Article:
Osteomyelitis Clinical Presentation

Updated: Jul 12, 2020
  • Author: Stephen Kishner, MD, MHA; Chief Editor: Murali Poduval, MBBS, MS, DNB  more...
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Acute osteomyelitis requires that the clinician maintain a high degree of suspicion so as to minimize the delay in diagnosis and the consequences of such delay. Osteomyelitis is often diagnosed clinically on the basis of nonspecific symptoms such as fever, chills, fatigue, lethargy, or irritability. The classic signs of inflammation, including local pain, swelling, or redness, may also occur and usually disappear within 5-7 days. [1]

Chronic posttraumatic osteomyelitis requires a detailed history for diagnosis, including information regarding the initial injury and previous antibiotic and surgical treatment. Weightbearing and function of the involved extremity are typically disturbed. Local pain, swelling, erythema, and edema may also be reported. [2]


Physical Examination

On physical examination, scars or local disturbance of wound healing may be noted along with the cardinal signs of inflammation. [2] Range of motion, deformity, and local signs of impaired vascularity are also sought in the involved extremity. If periosteal tissues are involved, point tenderness may be present. [9]

In children, the clinical presentation of osteomyelitis can be challenging for physicians because it can present with only nonspecific signs and symptoms and because the clinical findings are extremely variable. Children may present with decreased movement and pain in the affected limb and adjacent joint, as well as edema and erythema over the involved area. In addition, children may also present with fever, malaise, and irritability. Newborns with osteomyelitis may demonstrate decreased movement of a limb without any other signs or symptoms.



The most common complication in children with osteomyelitis is recurrence of bone infection. Complications as a result of acute hematogenous osteomyelitis due to methicillin-resistant S aureus (MRSA) is often attributed to more complicated illness, as compared with osteomyelitis caused by methicillin-sensitive S aureus (MSSA) or any other organism. Potential complications of osteomyelitis include the following:

  • Septic pulmonary emboli
  • Deep vein thrombosis in the region near the infected bone
  • Intraosseous and subperiosteal abscess
  • Pathologic fracture - This is a rare complication and can occur as a result of extreme bone destruction or thinning of the cortex
  • Growth disturbance when epiphyseal plate is involved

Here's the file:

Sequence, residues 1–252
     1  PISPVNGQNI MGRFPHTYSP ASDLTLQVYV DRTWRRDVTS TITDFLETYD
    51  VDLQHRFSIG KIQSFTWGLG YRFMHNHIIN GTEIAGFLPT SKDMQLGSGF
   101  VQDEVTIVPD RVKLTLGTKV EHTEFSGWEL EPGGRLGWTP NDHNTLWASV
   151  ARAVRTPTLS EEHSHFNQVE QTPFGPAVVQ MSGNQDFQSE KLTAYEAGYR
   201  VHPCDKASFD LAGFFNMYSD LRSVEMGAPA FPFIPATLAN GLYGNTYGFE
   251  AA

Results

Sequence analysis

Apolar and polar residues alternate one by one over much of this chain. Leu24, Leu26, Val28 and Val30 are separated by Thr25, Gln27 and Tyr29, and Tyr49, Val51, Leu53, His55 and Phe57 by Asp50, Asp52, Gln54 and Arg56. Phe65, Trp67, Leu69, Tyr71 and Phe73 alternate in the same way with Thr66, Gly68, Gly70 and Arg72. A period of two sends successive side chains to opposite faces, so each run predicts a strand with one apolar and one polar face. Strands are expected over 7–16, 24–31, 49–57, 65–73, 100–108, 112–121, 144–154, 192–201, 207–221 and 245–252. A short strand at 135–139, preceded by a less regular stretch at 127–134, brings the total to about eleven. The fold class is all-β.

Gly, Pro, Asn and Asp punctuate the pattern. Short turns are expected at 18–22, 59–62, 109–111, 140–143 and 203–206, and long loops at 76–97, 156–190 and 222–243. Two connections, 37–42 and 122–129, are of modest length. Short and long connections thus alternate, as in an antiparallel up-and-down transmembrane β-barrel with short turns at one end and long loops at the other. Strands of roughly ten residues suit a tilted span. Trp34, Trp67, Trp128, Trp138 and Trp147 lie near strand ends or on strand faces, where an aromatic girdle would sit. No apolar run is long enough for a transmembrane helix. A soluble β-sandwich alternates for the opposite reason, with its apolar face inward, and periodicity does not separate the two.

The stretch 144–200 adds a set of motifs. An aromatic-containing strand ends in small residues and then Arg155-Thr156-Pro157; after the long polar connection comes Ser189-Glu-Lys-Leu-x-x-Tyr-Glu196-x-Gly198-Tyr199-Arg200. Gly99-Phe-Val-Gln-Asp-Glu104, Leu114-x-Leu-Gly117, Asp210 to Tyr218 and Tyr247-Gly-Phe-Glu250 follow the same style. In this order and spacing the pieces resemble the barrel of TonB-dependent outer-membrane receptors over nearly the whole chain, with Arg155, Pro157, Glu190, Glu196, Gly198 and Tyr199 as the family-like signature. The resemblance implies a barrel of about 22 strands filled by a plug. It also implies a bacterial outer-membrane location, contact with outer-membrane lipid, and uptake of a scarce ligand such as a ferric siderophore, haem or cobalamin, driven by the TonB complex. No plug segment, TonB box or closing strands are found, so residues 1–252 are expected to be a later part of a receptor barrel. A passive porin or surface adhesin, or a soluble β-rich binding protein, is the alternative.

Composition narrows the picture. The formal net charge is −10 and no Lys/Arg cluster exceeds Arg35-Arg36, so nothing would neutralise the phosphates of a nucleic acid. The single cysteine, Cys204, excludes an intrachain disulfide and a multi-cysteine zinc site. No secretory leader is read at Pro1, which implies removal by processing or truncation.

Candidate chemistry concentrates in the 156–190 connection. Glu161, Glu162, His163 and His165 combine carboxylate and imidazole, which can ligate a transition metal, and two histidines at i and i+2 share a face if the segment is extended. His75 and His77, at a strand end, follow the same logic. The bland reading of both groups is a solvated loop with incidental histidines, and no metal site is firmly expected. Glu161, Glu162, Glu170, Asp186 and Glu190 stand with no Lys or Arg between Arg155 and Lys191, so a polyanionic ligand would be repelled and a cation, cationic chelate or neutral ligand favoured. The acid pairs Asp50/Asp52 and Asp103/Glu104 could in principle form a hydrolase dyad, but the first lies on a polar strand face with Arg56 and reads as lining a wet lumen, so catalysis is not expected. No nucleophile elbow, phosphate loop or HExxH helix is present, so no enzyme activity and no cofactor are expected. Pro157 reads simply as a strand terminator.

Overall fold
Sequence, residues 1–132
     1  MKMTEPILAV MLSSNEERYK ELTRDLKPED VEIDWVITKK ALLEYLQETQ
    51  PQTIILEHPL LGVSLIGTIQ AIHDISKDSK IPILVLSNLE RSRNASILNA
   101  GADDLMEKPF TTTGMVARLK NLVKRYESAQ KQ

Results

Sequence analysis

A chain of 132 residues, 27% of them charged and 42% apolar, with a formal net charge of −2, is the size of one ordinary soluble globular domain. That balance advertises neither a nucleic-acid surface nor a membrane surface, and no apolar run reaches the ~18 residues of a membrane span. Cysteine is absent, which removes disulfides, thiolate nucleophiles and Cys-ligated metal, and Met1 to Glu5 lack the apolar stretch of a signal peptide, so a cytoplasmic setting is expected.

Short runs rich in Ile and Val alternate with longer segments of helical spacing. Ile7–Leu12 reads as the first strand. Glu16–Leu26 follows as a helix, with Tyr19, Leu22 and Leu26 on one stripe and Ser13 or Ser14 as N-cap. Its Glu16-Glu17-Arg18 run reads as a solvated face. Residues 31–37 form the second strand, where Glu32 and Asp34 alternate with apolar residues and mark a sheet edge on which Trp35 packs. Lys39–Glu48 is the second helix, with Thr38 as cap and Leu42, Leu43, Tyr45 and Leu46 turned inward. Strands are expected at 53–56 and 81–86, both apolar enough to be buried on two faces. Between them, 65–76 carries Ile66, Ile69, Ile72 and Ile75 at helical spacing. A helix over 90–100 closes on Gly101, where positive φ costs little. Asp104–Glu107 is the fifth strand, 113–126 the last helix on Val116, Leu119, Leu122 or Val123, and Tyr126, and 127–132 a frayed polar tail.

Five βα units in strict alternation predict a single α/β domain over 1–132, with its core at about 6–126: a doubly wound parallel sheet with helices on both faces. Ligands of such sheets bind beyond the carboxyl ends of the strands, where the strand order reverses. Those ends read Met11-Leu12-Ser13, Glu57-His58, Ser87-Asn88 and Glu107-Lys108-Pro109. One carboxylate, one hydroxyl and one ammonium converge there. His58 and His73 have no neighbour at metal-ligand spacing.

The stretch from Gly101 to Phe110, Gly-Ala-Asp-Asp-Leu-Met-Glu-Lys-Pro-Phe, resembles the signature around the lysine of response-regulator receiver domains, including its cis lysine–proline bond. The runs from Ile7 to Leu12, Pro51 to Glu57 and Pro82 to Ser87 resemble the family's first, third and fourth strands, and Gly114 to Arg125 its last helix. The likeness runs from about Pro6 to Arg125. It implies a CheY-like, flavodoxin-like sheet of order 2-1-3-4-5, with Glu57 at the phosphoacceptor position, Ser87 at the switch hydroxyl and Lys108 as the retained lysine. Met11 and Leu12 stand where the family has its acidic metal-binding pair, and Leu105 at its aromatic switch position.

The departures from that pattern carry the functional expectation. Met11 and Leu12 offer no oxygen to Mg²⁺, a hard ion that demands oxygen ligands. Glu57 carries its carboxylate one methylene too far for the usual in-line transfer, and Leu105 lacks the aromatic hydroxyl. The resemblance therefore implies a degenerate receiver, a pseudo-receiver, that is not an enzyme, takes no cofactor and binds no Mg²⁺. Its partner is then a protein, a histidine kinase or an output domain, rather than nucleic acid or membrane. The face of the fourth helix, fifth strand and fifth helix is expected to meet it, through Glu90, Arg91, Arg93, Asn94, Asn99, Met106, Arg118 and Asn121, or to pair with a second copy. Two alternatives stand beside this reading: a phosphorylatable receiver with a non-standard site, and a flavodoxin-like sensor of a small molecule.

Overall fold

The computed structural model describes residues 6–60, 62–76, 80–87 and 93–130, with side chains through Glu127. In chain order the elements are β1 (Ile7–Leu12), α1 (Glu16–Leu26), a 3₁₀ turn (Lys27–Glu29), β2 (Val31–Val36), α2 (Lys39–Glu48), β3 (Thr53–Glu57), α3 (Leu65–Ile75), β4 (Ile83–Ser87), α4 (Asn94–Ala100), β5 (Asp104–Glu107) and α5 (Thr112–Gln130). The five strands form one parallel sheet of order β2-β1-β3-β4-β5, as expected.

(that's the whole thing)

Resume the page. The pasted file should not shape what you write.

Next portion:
• Bone deformity
  • Disseminated infection with multiorgan failure resulting in sepsis

These complications contribute to longer median hospital stay and a higher likelihood that surgical intervention will be needed to drain deep abscesses. The severity of the disease can relate to S aureus virulence factor (also known as PVL), which is a cytotoxin that destroys leukocytes. In general, complications are more likely to arise when there is a delay in proper diagnosis and initiation of therapy. This contributes to significant morbidity, which can include longitudinal bone growth and angular deformity, as well as sepsis and chronic infection. 

With a diagnosis of acute hematogenous osteomyelitis, it is crucial to establish a 2-week follow-up after discharge to reduce  the likelihood of a complication and to ensure that there is continued clinical improvement. Children who developed osteomyelitis near the growth plate are at increased risk for bone deformities and growth impairment; therefore, they must be followed clinically and radiographically on a yearly basis until they reach skeletal maturity to ensure that no further interventions are required to address the potential sequelae. [17]

Patient must receive proper education about the duration of therapy and the importance of compliance with treatment recommendations to promote healing and to decrease the rate of recurrence. [5, 18]

Adverse outcomes are common with delays in treatment; however, even when appropriate treatment is provided, chronic infection may still develop in 5-10% of cases. Chronic osteomyelitis presents 6 weeks or longer after a bone infection, and its characteristics include bone destruction and formation of sequestra. Leading complications resulting from chronic osteomyelitis include sinus tracts and extension to adjacent structures, as well as abscess formation. One complication that must not be missed is malignant transformation (ie, Marjolin ulcer). This typically has a latency period of 27-30 years from the initial onset of osteomyelitis, and it involves aggressive squamous cell carcinoma (SCC). [19]

When centrally placed intravenous (IV) catheters are used in cases that require prolonged IV antibiotic treatment, catheter-associated complications can occur. However, the use of peripherally inserted central venous catheters has reduced the frequency of these complications.

In a study of 17,238 Taiwanese patients newly diagnosed with chronic osteomyelitis from 2000 to 2008 who were identified on the basis of Taiwanese National Health Insurance (NHI) inpatient claims, Tseng et al found chronic osteomyelitis to be associated with an increased risk of dementia, particularly among the younger patients studied. [20]